group 2 land rights

  • yirrkala people

    yirrkala people
    The Yirrkala bark petitions 1963 are historic Australian documents that were the first traditional documents prepared by Indigenous Australians that were recognised by the Australian Parliament,
  • Gurindji

    Gurindji are a group of Indigenous Australians living in northern Australia,Gurindji are most well known in the broader Australian community for The Gurindji Strike
  • Tent Embassy Protest

    On 26 January 1972, four Aboriginal men (Michael Anderson, Billy Craigie, Tony Coorey and Bertie Williams) arrived in Canberra from Sydney to establish the Aboriginal Embassy by planting a beach umbrella on the lawn in front of Parliament House (now Old Parliament House).[1] The Embassy was established in response to the McMahon Coalition Government's refusal to recognise Aboriginal land rights.
  • mabo

    Mabo v Queensland (No 2) (commonly known as Mabo) was a landmark High Court of Australia decision recognising native title in Australia for the first time. action which brought about the decision had been led by Eddie Mabo, David Passi and James Rice, all from the Meriam people (from the Murray Islands in the Torres Strait). They commenced proceedings in the High Court in 1982, in response to the Queensland Amendment Act 1982 establishing a system of making land grants on trust for Aboriginals a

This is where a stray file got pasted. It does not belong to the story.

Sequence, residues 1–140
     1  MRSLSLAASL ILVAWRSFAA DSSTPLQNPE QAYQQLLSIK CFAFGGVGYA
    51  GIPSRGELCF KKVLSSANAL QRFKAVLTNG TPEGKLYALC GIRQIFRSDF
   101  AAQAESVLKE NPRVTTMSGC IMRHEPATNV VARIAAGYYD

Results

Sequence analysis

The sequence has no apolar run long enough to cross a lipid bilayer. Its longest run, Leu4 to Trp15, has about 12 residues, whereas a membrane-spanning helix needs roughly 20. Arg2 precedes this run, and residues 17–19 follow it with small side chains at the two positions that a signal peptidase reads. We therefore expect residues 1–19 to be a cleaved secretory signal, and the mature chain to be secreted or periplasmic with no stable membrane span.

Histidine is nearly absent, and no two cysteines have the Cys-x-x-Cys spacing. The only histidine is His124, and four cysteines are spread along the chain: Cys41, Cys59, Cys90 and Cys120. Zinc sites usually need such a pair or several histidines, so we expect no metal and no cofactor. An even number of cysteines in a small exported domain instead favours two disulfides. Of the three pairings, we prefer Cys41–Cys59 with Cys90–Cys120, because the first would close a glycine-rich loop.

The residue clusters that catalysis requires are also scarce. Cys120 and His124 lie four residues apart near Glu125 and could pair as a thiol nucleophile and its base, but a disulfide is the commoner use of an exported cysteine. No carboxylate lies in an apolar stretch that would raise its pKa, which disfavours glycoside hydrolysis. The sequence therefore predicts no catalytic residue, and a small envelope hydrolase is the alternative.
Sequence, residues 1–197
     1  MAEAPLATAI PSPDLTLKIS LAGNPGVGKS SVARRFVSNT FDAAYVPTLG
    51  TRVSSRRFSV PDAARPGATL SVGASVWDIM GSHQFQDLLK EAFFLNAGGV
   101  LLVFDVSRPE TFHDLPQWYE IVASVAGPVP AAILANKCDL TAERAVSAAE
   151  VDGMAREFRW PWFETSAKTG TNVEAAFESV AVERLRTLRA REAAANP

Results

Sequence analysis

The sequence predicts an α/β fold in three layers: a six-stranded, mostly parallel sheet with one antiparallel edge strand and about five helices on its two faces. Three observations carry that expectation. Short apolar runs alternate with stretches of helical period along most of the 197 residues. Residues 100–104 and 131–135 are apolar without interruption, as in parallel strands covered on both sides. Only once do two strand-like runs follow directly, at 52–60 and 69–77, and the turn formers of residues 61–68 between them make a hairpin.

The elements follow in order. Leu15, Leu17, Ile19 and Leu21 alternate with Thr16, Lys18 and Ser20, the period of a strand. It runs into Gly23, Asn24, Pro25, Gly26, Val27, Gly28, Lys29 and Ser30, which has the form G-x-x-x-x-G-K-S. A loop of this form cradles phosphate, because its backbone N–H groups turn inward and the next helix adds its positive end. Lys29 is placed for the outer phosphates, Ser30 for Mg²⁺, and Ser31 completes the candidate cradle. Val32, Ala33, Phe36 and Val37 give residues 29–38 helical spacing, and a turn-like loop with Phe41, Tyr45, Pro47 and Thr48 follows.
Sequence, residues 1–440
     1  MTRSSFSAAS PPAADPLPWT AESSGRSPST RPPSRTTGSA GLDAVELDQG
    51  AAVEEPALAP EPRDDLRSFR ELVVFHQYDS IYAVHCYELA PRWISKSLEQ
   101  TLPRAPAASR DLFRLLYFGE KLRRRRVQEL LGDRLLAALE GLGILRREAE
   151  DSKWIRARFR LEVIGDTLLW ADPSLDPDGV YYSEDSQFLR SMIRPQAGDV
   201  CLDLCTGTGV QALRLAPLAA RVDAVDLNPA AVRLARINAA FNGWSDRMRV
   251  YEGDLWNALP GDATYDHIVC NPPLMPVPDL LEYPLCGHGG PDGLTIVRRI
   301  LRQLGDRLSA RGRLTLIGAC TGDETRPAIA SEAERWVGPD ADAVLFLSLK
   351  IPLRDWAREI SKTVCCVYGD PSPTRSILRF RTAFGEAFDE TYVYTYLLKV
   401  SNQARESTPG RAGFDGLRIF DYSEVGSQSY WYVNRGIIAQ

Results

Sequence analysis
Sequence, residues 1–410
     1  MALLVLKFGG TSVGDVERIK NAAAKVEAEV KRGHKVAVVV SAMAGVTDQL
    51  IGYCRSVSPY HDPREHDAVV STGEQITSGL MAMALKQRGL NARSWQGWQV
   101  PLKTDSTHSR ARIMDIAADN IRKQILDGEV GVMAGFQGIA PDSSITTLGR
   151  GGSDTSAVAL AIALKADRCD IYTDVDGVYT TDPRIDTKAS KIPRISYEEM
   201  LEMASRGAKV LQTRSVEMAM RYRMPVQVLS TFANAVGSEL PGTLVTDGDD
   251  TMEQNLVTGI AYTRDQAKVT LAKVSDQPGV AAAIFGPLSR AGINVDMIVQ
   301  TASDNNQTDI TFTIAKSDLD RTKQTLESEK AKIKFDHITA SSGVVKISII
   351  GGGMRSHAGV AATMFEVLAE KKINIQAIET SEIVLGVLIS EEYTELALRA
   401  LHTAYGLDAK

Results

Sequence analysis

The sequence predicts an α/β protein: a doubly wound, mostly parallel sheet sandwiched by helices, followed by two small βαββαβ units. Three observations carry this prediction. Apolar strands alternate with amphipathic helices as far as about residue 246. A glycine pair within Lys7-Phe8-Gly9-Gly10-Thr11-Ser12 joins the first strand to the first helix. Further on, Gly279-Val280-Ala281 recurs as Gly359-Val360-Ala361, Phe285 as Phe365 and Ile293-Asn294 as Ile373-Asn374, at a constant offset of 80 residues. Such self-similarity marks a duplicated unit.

• native title act

    This is a compilation of the Native Title Act 1993 as amended and in force on 12 March 2013. It includes any amendment affecting the compiled Act to that date.
  • The Native Title Amendent Act

    The Native Title Amendent Act
    The Native Title Amendment Act 1998 (Cth), also commonly referred to as the "10 Point Plan" is an Australian native title law created by the John Howard led Liberal Government in response to the 1996 Wik Decision by the High Court of Australia. The Native Title Amendment Act 1998 placed some restrictions on native title claims.
  • yorta yorta v victoria

    Yorta v Victoria was a native title claim by the Yorta Yorta indigenous people of north central Victoria, Australia which was dismissed by Justice Olney of the Federal Court of Australia in 1998.